The Louisiana governor is correct: Republicans are distracting themselves with ad hominem absurdities
When Louisiana Gov. Bobby Jindal spoke to the Republican Leadership Conference over the weekend, he argued that the right should oppose President Obama without hating him. "We as Republicans are Americans first -- we have to have respect for the office of the president. We need to be serious about this debate, it's an important debate about the future of our country. We can't be distracted by ad hominem attacks," he said. "I think it's hypocritical to say, well, it's not patriotic when they do that to President Bush but it's okay for our side to it to President Obama."
His argument included an appeal to patriotism and a warning against hypocrisy, but the line most likely to persuade GOP partisans to rein in their excesses is the one about being "distracted" by "shrill, absurd, and negative rhetoric." Let's flesh it out. Upon Obama's election, the conservative movement and the GOP's political apparatus had four years to define him in the public's mind. What flaws would they highlight? What arguments would they build over time? Would they succeed in getting anti-Obama narratives to take hold in order to exploit them during the 2012 election?
Some partisans responded with savvy. They cast Obama as a tool of Wall Street, insisted that he is an irresponsibly profligate spender, and started building a case against the health-care overhaul, his signature policy achievement. Others responded like that unpleasant uncle at Thanksgiving. They crusaded for Obama's birth certificate, posited that his actions are motivated by a Kenyan anti-colonialist ideology, and insisted that he prefers cozying up to terrorists to fighting them.
The true believers who bought into these conspiracy theories are best pitied. Ire is better aimed at the people who knew better, but played on the anxieties of the conspiracy minded in an attempt to sell books or improve their TV ratings. Think of Roger Ailes, keeping Glenn Beck on the air all those months knowing full well that much of his program consisted of transparently idiotic nonsense. Or the colleagues of Andy McCarthy who plugged his book knowing full well that Obama isn't the leader of a movement that has allied itself with our Islamist enemy in a "grand jihad" against the U.S. For those people, the ad hominem attacks, the conspiracy theories, and the egregious hyperbole were very lucrative. Or else cathartic. Weren't they sticking it to the dread Obama, who they earnestly believed to be hurting America?
Its wisdom as political strategy is another matter.
Take the birthers. It isn't just that most Americans laughed at them, or that Obama could totally undercut them at any moment. It's that every minute spent talking about their bizarre theories had an opportunity cost. It took away from the time more sober Obama critics had to develop and voice criticism. True, the intellectually indefensible right and the sane right weren't divvying up a fixed amount of TV time. But the public is vaguely aware of the biggest political story at a given moment. Donald Trump alone made too many of those moments about presidential birth certificates.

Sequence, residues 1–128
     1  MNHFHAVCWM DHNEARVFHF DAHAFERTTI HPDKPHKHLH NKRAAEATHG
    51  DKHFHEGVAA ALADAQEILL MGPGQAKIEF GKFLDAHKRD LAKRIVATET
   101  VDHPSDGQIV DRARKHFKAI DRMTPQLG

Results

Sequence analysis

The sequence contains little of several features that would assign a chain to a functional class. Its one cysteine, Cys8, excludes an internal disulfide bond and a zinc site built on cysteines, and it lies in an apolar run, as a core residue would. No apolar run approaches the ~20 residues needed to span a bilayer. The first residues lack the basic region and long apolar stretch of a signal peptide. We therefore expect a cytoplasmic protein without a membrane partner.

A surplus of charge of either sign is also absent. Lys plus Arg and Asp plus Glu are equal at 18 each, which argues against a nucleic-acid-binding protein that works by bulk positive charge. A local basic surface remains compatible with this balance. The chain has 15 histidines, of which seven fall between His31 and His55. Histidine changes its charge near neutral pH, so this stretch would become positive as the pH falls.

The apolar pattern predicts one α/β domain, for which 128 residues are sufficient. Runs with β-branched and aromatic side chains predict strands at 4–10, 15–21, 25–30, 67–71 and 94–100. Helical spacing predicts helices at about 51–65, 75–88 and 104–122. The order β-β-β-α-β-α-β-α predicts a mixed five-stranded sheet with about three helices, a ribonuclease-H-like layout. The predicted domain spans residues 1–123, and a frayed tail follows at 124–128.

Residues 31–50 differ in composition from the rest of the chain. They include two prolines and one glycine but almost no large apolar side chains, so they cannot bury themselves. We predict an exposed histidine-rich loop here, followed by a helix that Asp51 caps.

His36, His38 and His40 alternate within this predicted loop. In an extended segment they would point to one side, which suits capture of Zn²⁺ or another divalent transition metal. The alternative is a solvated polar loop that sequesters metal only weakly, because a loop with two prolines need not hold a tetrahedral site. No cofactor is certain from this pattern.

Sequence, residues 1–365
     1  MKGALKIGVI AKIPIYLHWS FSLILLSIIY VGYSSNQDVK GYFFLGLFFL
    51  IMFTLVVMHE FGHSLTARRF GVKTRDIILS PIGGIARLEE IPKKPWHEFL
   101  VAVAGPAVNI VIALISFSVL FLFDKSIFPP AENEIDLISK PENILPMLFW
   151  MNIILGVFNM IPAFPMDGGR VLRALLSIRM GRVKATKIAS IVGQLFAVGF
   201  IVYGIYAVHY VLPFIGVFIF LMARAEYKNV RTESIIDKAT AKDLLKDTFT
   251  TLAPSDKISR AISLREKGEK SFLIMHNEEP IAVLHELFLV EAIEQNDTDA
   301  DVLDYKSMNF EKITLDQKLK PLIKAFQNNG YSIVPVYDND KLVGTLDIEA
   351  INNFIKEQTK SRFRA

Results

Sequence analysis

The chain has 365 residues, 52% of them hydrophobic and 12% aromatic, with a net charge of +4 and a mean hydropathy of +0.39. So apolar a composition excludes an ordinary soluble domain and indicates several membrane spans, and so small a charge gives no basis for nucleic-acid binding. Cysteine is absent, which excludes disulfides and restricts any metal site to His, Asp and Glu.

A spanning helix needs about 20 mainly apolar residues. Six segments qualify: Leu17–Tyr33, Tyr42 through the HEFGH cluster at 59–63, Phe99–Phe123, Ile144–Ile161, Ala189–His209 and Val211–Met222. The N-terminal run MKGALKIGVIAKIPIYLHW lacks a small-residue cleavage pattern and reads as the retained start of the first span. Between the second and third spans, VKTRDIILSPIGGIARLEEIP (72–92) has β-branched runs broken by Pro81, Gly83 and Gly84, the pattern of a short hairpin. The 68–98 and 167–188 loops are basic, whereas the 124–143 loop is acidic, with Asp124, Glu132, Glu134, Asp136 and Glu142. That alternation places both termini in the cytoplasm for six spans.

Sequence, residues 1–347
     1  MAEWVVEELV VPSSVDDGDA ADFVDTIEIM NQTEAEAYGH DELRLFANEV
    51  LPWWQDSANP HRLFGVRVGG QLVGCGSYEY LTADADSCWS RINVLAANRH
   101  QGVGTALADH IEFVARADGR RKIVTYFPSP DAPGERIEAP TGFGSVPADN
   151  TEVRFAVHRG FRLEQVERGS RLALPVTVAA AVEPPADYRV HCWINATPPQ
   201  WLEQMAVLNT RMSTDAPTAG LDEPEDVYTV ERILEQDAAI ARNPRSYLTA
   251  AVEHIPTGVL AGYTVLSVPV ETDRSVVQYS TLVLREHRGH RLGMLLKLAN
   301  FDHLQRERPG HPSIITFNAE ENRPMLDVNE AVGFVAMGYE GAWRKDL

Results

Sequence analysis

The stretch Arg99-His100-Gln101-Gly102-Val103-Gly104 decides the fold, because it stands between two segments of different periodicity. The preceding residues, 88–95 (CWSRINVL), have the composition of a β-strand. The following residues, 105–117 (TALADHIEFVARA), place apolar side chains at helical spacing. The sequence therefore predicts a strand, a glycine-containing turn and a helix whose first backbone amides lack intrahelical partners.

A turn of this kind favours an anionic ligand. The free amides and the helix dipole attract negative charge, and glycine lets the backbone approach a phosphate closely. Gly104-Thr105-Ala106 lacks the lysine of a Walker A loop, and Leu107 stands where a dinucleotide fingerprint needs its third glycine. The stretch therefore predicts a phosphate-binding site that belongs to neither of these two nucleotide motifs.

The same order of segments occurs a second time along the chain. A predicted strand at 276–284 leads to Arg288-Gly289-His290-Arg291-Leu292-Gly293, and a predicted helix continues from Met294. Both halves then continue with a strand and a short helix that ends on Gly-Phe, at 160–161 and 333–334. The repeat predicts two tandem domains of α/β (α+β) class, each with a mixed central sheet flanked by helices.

And Glenn Beck made them about... it's hard to remember, isn't it? What did that second chalk board say on the back side after he flipped it over? Something convoluted and menacing that by now doesn't even seem real to the people who were riveted by it. As for the folks who spent all that time building the "Obama is allied with the enemy and uninclined to kill terrorists" narrative... the Osama bin Laden killing destroyed it. A lot of strong cases could be built against Obama's national security instincts. So far, much time has been wasted on laughably weak cases.
The point isn't that the right has its crazies. So does the left. I know of no evidence that one side has more than the other, nor do I care to draw a false equivalence because I don't know that the relative numbers, whatever they are, even matter. Better to pit the strongest arguments in American life against one another, and elevate the winners. I do think that the conservative movement elevates, rallies around, and sometimes even celebrates its crazies so consistently that it often obsesses over relatively weak arguments and does damage to its political viability. Rush Limbaugh and Al Sharpton are alike in that they both race-bait and exploit a culture of grievance to aggrandize themselves. One is the single most popular man in an ideological coalition. The other is irrelevant.
I don't know if Jindal would agree with all that. He certainly couldn't say all I have and survive as a Republican politician. But his assertion that certain kinds of attacks are distractions is sound. If more people grasped the opportunity costs at play, they'd stop thinking about their most unhinged ideological allies being useful in firing up the base. They'd start appreciating how hard it is to develop cogent arguments and make them heard when all around you, men who hold themselves to lower standards are shouting into megaphones at the tops of their lungs.
Image credit: Sean Gardner/Reuters
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